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Old Glasgow Pubs by john gorevan


Matthew Paxton.

Paxton's, 199 Argyle Street, Glasgow.
Paxton's Argyle Street

Paxton's Argyle Street.

Mr Matthew Paxton

Mr Matthew Paxton. 1887.

Matthew Paxton born 1839 in Leith, Edinburgh, his parents however were from Northumberland. He started work in Leith when he was a young man in Rutherford’s establishment well known not only in Edinburgh but in Glasgow as Wine and Spirit Merchants and Restaurateurs. Young Paxton was subsequently assumed to management, following this he became manager of Rutherford’s in Jamaica Street, Glasgow. Matthew Paxton was well known in the City and was renowned for his smart and repartee and loud jolly laugh, similar to that of Santa Claus.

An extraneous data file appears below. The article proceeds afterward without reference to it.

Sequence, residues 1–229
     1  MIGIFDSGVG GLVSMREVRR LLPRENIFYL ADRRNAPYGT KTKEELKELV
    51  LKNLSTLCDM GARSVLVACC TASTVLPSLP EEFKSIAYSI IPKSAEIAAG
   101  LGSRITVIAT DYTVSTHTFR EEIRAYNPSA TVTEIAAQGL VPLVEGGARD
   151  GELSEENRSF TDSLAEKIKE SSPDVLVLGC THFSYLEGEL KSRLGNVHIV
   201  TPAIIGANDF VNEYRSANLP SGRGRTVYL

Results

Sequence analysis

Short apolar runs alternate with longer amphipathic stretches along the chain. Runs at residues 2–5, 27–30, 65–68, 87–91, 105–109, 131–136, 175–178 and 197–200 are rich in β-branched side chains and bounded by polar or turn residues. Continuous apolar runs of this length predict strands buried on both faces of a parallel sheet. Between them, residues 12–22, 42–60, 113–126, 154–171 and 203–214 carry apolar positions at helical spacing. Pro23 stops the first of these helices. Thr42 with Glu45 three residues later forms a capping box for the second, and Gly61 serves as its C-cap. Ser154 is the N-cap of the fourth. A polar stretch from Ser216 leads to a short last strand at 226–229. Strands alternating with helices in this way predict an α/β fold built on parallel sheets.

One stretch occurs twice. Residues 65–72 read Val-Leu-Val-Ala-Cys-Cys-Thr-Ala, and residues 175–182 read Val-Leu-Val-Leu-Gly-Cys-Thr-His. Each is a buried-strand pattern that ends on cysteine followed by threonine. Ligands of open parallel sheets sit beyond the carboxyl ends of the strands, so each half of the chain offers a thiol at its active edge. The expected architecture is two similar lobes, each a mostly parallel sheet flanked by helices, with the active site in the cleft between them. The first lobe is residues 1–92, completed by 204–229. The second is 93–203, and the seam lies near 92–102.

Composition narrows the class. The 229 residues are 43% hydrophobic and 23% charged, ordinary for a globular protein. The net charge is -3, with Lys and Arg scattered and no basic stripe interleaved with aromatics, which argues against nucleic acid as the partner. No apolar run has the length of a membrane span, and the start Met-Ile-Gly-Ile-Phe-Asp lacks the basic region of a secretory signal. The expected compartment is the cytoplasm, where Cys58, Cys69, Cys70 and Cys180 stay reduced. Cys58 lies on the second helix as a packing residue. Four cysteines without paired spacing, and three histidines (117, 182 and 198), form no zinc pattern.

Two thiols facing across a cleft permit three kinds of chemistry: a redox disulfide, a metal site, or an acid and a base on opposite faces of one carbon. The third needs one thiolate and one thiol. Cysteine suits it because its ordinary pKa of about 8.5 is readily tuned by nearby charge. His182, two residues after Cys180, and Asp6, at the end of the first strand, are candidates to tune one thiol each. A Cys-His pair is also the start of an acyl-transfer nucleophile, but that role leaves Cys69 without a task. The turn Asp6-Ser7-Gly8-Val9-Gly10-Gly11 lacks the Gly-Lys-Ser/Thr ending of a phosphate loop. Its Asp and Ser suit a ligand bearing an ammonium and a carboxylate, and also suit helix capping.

On the retirement of Walter Gibson Mr Paxton purchased his business in Argyle Street, just around the corner from Rutherford’s. Gibson’s was the home of the “Welsh rarebit” in Glasgow, a snack originally made from Kilmarnock cheese and Edinburgh ten quinea mild ale. Matthew completely gutted the old premises and turned it into one of the best bars and restaurants in town, occupying three floors this magnificent establishment was thee place to dine, one could also have a drink and smoke in one of the many rooms, Matthew changed the name above the door to “Paxton’s”. Matthew was a director of the Scottish Wine & Spirit Merchants Benevolent Institution for many years. Mr Paxton and his wife Mary were the proud parents of five sons and two daughter, he died in 1905 at his residence Sydenham Villa, Battlefield, Langside. His famous business was taken over by the Bell family and became well known as the Queen Anne Restaurant, it was destroyed by fire in 1951, the famous Arnott Simpson’s store was also destroyed.

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